Bill fed both Victoria and Lorraine Supers. He kept an eye out while they sat in the hall and ate, cleaning up as they did so. He didn’t finish the grease till after midnight, He noted Jim hanging around the knife sheath while the dishwashers were waiting for their transport. This wasn’t extraordinary, but Bill noted it.

“Could sure use a beer,” Jim said.

Rose’s Story is now available on Amazon. Pick up a copy today!


 Purchase The Ghost Writer: Rose’s Story here

Peter Weiss author page

kitchen-4Doc! Bill had been carrying around that acid tab awhile, or actually, he had finally left it in his locker downstairs. Now that he was working and he and his fiance were getting a little ahead, he could see Doc when he wanted, score some weed, some speed, some Quaaludes and assorted other stuff. He’d fed Mary some downers with red wine at The Upper Room, that on top of weed. She’d gotten dreamy, slow and lazy. He’d laid her out on the bed and…

Well he wanted to trip now, but it was already afternoon. He was uncertain how this batch of acid would affect him, so he decided to wait till tomorrow. The good thing about Doc was that he did what he sold. So when he offered up the acid, he told Bill from his own experience it was a bit edgy but really potent. Good hallucinating shit, was how he’d referred to it. But then he’d warned that you needed the ludes to come down.

Bill remembered. When he got busted an undercover cop was planted in his paddy wagon. That undercover led a conversation which was secretly  recorded and which showed up verbatim at his trial. Bill had been knocked unconscious and was way out of it. He didn’t know what he was saying. He had no idea what was going down. About a month later that same undercover tried to sell him some weed in one of the back streets. He didn’t recognize Bill, but Bill knew him. Bill knew then how they had what they had on him. He knew then, definitively, he’d been a victim of entrapment. He remembered noting, even all messed up in his head, how unusual it was that that guy was let out from the holding cell in less than an hour.

“Yeah, what it is,” Henry Lee said when Bill came into the meat room. “Marie was crazy yesterday. She one wild heifer.”

“Wanna get high?” Bill changed the subject posthaste. “What do you need cut?”

“Listen man, you could have her, you know? I ain’t jealous or possessive. She give good head too.”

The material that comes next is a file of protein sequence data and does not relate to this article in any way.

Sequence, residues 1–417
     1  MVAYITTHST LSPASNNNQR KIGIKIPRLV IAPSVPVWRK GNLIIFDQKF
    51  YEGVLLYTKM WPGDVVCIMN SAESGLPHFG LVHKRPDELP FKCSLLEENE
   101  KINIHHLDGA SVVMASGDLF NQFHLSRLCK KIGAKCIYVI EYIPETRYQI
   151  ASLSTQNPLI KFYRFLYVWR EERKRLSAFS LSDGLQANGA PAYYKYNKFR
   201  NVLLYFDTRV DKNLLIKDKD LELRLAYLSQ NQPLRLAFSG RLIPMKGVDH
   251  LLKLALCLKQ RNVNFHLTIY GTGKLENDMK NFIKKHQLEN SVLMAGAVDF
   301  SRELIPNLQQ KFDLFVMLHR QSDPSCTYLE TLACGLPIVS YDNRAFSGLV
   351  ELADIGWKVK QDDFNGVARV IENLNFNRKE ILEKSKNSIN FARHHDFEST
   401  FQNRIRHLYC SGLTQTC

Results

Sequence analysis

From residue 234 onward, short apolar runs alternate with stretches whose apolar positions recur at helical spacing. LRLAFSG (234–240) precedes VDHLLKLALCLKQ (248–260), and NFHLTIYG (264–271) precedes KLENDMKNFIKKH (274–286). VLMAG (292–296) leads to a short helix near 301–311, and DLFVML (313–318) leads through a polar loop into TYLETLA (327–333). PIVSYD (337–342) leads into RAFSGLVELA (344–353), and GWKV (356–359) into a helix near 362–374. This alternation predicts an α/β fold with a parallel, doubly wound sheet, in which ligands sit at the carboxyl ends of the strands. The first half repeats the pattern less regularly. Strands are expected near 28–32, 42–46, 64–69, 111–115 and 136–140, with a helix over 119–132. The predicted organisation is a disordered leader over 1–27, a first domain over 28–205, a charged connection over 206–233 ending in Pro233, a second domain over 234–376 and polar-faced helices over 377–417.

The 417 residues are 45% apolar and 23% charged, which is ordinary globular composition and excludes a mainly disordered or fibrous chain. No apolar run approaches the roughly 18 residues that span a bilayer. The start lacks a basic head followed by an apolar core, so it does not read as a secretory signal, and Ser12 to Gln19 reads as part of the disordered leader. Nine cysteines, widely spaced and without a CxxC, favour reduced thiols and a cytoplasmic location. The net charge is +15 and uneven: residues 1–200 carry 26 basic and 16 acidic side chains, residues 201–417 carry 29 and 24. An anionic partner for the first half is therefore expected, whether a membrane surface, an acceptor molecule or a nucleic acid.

Bill went over to the bourbon drawer. He reached under the towels and retrieved the bottle. He helped himself to a good, long drink. Then he took a joint from his shirt pocket. “C’mon, let’s go in the deep freeze.”

“Just cut some tops,” Henry Lee said when they were back at their cutting tables. “It’s been slow in both stores. Man, this is good weed.”

“It is, isn’t it? It’s a new batch.”

“You got more?”

“You want some?”


“I’ll get you an ounce. It’s thirty bucks.”

“Good. Freda’ll like this one.”

They worked about forty-five minutes, mostly in silence before Mary came in. Mary was wearing bobby sox today. She sat on the counter swinging her legs like always.

High and happy, Bill put down his knife and walked up to her. He leaned in, kissed her, and at the same time he reached up her dress and copped a nice, intimate feel of her.

Mary kissed him back. Then, when his hand got too intimate, she slapped his arm and told him to get away. Bill laughed and didn’t move away until she’d slapped his arm three more times.

“Boy what’s wrong with you?”

“Everything’s rosy.”

“And I ain’t talking to you,” she said to Henry Lee. “You ought to be ashamed of yourself after that whatever-the-hell-it-was yesterday. Tommy ought to get rid of her, and I’m gonna tell him to do so. Only a matter of time before your wife loses it and does something to her.”

“Yeah, yeah,” Henry Lee said. “Have a drink, girl. Bill got some great weed. C’mon, I’ll take you into the deep freeze.”

Rose’s Story is now available on Amazon. Pick up a copy today!


 Purchase The Ghost Writer: Rose’s Story here

Peter Weiss author page

kitchen-4“Drenovis is skuzzy,” said Victoria after lunch out in the hall. “I know you all don’t like him.”

“What’s to like? For him it’s all about power and getting sex. I never forced anyone to do anything or made sex a condition of employment,” said Bill. “I treat you all the same unless you screw me up purposefully. And I have met a couple of nasty waitresses who deserved what they got.” Bill was sitting on his milk case. Victoria was standing opposite him leaning against the wall.

“Let me guess. Marilyn, who was here when I started, and Jackie who was only here a week and a half.”

“Good call.”

“Marilyn told you to screw yourself only she used a more choice word. Then she was gone the next day.”

“I fired her personally.”

“Make you happy?”

“Not at all. But it was necessary. She didn’t just tell me that. She told me to stick a plate up my ass.”

“Really? Why?”

“She didn’t like the way the food looked when I told her to take the plate. So she said, ‘You’ll fix that plate or I’ll stick it up your ass.’ I told her take the plate or she’d wear it home.”

“So you fired her.”

“You bet.”

“And Jackie?”

“She couldn’t do the job and she was nasty on top of it. She screwed Drenovis then wanted steak every night. I wouldn’t give it to her. She complained to him. He gave me plenty of crap. Robert fixed that one.”

“I don’t know Robert.”

“He’s head honcho. He got me my job. Only he supersedes Drenovis.”